re: help is here!
25 jun 2000
dr. jennifer eiserman & terry reynoldson wrote:
>thank you for your [emailed] in-depth explanation.
you are welcome.
>i understand everything except the purpose of paragraph #1.
>> >i have heard of an architect in sydney who asked one of our leading solar
>> >designers which side of the house should he put the solar greenhouse...
>> >he thought south was "better"...
that's about architectural ignorance. north is better in sydney, australia.
>now then...how would you classify our lite-form® system?
>it has 2" of high density extruded polystyrene foam (xps) on both the
>inside and outside of a concrete wall...
seems better to leave the foam off the inside, so the concrete can
store passive solar heat. then again, some say concrete isn't green.
hollow blocks might work better, if there's a way for room air (and
dust...) to move inside them. passive solar houses tend to have large
day-night temperature swings unless they have lots of thermal mass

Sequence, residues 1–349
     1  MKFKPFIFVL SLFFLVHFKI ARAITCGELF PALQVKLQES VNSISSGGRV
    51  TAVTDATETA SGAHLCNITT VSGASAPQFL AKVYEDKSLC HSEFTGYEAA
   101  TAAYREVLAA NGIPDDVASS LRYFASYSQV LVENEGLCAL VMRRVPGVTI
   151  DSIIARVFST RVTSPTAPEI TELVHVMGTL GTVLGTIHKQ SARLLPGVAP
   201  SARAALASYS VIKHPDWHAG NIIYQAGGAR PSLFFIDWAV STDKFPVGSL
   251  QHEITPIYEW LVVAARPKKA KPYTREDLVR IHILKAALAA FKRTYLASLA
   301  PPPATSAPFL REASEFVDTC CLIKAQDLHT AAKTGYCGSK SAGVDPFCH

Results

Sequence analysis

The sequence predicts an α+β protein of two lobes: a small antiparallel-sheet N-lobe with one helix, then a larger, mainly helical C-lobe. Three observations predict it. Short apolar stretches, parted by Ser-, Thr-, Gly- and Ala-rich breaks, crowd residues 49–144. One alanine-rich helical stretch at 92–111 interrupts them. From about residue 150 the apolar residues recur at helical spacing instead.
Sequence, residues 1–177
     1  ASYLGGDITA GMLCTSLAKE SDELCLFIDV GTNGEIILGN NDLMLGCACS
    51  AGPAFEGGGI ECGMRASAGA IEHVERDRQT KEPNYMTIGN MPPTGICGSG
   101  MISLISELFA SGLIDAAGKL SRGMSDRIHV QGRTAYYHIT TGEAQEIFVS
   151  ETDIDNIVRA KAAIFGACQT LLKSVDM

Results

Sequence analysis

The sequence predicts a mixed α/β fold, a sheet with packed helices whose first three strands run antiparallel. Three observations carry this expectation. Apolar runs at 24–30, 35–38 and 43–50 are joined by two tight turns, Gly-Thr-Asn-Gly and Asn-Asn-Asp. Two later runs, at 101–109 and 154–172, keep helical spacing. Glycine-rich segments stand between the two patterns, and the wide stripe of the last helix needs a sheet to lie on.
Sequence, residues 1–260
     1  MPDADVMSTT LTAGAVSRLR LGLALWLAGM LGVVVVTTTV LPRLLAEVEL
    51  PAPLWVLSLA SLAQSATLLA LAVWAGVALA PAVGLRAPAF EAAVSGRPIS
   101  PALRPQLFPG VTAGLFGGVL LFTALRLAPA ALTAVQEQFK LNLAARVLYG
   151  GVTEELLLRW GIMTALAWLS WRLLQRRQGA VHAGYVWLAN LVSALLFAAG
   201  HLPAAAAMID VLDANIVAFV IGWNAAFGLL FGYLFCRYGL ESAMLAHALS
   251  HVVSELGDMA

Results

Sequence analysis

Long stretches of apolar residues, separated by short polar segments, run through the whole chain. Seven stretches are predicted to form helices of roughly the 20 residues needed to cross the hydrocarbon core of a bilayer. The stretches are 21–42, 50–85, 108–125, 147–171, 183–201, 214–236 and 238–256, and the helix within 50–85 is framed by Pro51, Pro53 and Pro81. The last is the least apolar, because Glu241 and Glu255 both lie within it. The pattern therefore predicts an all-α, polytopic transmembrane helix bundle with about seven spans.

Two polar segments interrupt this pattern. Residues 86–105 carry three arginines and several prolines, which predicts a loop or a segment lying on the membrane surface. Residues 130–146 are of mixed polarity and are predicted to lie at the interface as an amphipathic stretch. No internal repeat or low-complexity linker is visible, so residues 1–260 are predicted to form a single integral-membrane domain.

with lots of surface, especially if the solar heat arrives as warm
air from a low-thermal mass solarium (which can desirably stay cool
at night and on cloudy days without robbing heat from the living space.)
>the insulating performance is equivalent to a framed wall insulated to r-50
i'd say the 4" of beadboard is r16, not r-50. i've seen this "effective
r-value" nonsense before, eg on the monolithic dome website. you might
make an argument for it on a day when it's 80 f during the day and 50
at night, in a house that would otherwise need both ac and heat over
24 hours, but not over a long cold winter, when the outdoor temp is
mostly below the indoor temp. then it's r16.
>the outside surface may be cladded with dryvit outsulation® which
>collects solar energy
what? the dri-vit i know doesn't collect solar energy... it has a
sol-air temp like anything else, eg vinyl siding, but i wouldn't
honestly call it a collector.
>and conducts it to the interior in a slow, consistent manner (
with a magical ***flywheel*** effect? :-)
>savings in heating costs offset expenses within a couple of years...
i'd evaluate something like this on the basis of yearly fuel cost
and consumption, vs "savings." how's it compare to r2000. what do
those guys think about "effective r-values"?
>personally, i would not call this a "traditional trombe wall".
i read about "a mass wall behind glass" on your website, but this
sounds different (and a bit hair-brained to me :-) i'd be happy to
try to see the light your way (or help you come up with something
better) using some basic physics, with numbers.